That One Achievement: There are several achievements that are very difficult to obtain, a few of which require pure luck or staging.
Several achievements involving killing a fully-cloaked Spy, such as the Sniper achievement "Shoot The Breeze" (one-shot a cloaked Spy), or the Spy achievement "Spies Like Us" (bump into a cloaked enemy Spy while being a cloaked Spy yourself), or the Demoman achievement "Shorn Connery" (decapitate a cloaked Spy). Those involve luck or knowing where enemy Spies like to hang out.
Almost any taunt kill. "Kill and then taunt" achievements are slightly easier, but they still leave you vulnerable.
Pyro's "Full Spectrum Warrior" is easily the worst taunt kill achievement: ignite 3 enemies with the Rainblower's AoE taunt attack. No, not "kill". "IGNITE". This translates to "hit no fewer than FOUR POWERFUL ENEMIES (most likely at least FIVE) with a slow, loud, short-ranged, brightly-advertised attack and hope three of them survive". And that they don't kill you first (they probably will).
"Placebo Effect", "You'll Feel a Little Prick", and "Does It Hurt When I Do This?" are among the ones for the Medic that make players cringe the most. "Placebo Effect" requires the player to kill 2 enemies with a full but undeployed ÜberCharge (it used to be 5 kills). Doing this in battle is likely to result in your death. "You'll Feel a Little Prick" requires the completely counter-intuitive strategy of obtaining 3 kills with an ÜberCharged Scout (which is one of the least desirable and usable targets, due to their speed). "Does it Hurt When I Do This?" requires that 50 Scouts be killed with the syringe guns — which translates to "kill an almost impossible-to-hit enemy with an weak weapon with slow projectiles". "Intern" and "Specialist" require the Medic to earn 7000 and 10000 heal points in a single life (healing 42 to 59 teammates from 1 hitpoint to full). Even the Medic is incredible at surviving, most games don't even last long enough for the Medic to hit 4000. The difficulty of the Medic's achievements have been cited as one of the major reasons of the change from achievement-based unlocks to the item drop system.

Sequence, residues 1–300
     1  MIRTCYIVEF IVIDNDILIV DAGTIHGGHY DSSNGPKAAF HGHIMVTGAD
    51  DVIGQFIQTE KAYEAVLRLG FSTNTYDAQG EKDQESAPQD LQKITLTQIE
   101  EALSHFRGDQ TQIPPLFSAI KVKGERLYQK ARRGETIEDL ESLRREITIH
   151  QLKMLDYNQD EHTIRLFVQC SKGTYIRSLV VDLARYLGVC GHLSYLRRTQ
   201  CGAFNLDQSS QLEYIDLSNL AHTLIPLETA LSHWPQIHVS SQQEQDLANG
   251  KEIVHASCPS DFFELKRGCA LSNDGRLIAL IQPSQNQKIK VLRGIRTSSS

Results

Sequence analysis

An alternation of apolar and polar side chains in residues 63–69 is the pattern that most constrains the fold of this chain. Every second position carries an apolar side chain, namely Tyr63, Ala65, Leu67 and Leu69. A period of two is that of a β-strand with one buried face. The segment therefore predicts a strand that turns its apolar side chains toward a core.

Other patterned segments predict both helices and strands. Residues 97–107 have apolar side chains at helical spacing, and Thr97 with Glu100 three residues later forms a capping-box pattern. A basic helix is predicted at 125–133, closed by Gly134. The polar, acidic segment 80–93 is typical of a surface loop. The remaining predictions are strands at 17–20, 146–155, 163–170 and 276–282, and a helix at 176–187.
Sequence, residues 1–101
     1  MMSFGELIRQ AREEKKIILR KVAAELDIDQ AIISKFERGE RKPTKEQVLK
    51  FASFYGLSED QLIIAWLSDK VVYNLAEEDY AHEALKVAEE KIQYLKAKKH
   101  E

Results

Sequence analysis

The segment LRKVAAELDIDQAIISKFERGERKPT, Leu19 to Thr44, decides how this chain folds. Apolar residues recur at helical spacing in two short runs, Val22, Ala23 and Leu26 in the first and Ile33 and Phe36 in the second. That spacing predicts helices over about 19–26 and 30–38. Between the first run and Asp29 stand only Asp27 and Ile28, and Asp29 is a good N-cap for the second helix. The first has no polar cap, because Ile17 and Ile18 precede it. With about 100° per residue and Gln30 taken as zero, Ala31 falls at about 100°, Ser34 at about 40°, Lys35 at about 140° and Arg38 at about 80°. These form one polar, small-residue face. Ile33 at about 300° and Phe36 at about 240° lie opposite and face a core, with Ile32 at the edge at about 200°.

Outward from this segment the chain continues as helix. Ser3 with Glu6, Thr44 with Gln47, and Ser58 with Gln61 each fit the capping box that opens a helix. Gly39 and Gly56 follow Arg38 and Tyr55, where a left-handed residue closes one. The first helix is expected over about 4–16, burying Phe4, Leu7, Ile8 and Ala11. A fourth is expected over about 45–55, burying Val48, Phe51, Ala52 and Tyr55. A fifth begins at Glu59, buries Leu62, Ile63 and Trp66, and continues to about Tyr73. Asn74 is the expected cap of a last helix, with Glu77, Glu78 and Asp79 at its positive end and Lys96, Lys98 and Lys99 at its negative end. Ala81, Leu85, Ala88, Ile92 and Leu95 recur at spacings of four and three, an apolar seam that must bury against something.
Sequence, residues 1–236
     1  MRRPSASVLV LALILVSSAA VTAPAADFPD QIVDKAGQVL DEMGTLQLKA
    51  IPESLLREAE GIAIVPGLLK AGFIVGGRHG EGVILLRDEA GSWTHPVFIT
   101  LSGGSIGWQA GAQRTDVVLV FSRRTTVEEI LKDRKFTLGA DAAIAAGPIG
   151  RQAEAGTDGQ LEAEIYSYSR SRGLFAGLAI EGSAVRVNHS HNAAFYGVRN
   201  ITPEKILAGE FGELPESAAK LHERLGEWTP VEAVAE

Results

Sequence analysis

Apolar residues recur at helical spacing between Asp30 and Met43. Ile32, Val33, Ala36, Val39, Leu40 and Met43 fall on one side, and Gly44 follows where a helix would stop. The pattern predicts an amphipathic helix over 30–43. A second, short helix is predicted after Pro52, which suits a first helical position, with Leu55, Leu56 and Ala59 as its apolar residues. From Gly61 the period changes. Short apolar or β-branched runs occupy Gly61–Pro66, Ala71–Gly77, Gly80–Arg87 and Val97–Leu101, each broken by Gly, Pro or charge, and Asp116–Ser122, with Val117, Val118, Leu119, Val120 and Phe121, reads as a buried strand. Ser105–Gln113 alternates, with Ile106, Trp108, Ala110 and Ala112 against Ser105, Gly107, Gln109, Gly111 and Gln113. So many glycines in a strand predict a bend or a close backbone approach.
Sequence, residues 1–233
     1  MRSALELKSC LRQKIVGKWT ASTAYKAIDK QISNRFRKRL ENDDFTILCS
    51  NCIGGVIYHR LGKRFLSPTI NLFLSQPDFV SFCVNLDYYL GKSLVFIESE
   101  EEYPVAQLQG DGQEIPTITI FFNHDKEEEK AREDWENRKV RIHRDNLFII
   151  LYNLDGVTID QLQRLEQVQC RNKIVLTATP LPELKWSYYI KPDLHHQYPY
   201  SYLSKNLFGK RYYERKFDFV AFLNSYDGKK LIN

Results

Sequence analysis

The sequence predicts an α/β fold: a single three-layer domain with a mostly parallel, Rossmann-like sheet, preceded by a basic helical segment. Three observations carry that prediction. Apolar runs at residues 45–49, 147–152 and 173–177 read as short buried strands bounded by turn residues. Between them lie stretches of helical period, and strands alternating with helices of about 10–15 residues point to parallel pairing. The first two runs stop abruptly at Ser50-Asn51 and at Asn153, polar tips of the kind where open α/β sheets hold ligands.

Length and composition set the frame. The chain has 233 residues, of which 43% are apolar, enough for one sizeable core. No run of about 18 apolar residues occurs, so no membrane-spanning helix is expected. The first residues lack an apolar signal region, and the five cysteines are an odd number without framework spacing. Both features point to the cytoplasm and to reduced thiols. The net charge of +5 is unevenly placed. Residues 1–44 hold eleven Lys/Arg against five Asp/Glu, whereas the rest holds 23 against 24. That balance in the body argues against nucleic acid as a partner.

Pyromancer: Deal 1,000,000 points of fire damage as a Pyro. That's basically 5,000 Soldiers. There are career Pyros out there that still don't have this one, never mind that Steam's achievement system sometimes forgets progress on progressive achievements such as this one. "Tartan Spartan" is pretty much the same way, as you must deal 1,000,000 points of explosive damage as a Demoman, and "Chief of Staff", for the Medic, requires you to accumulate 1,000,000 heal points.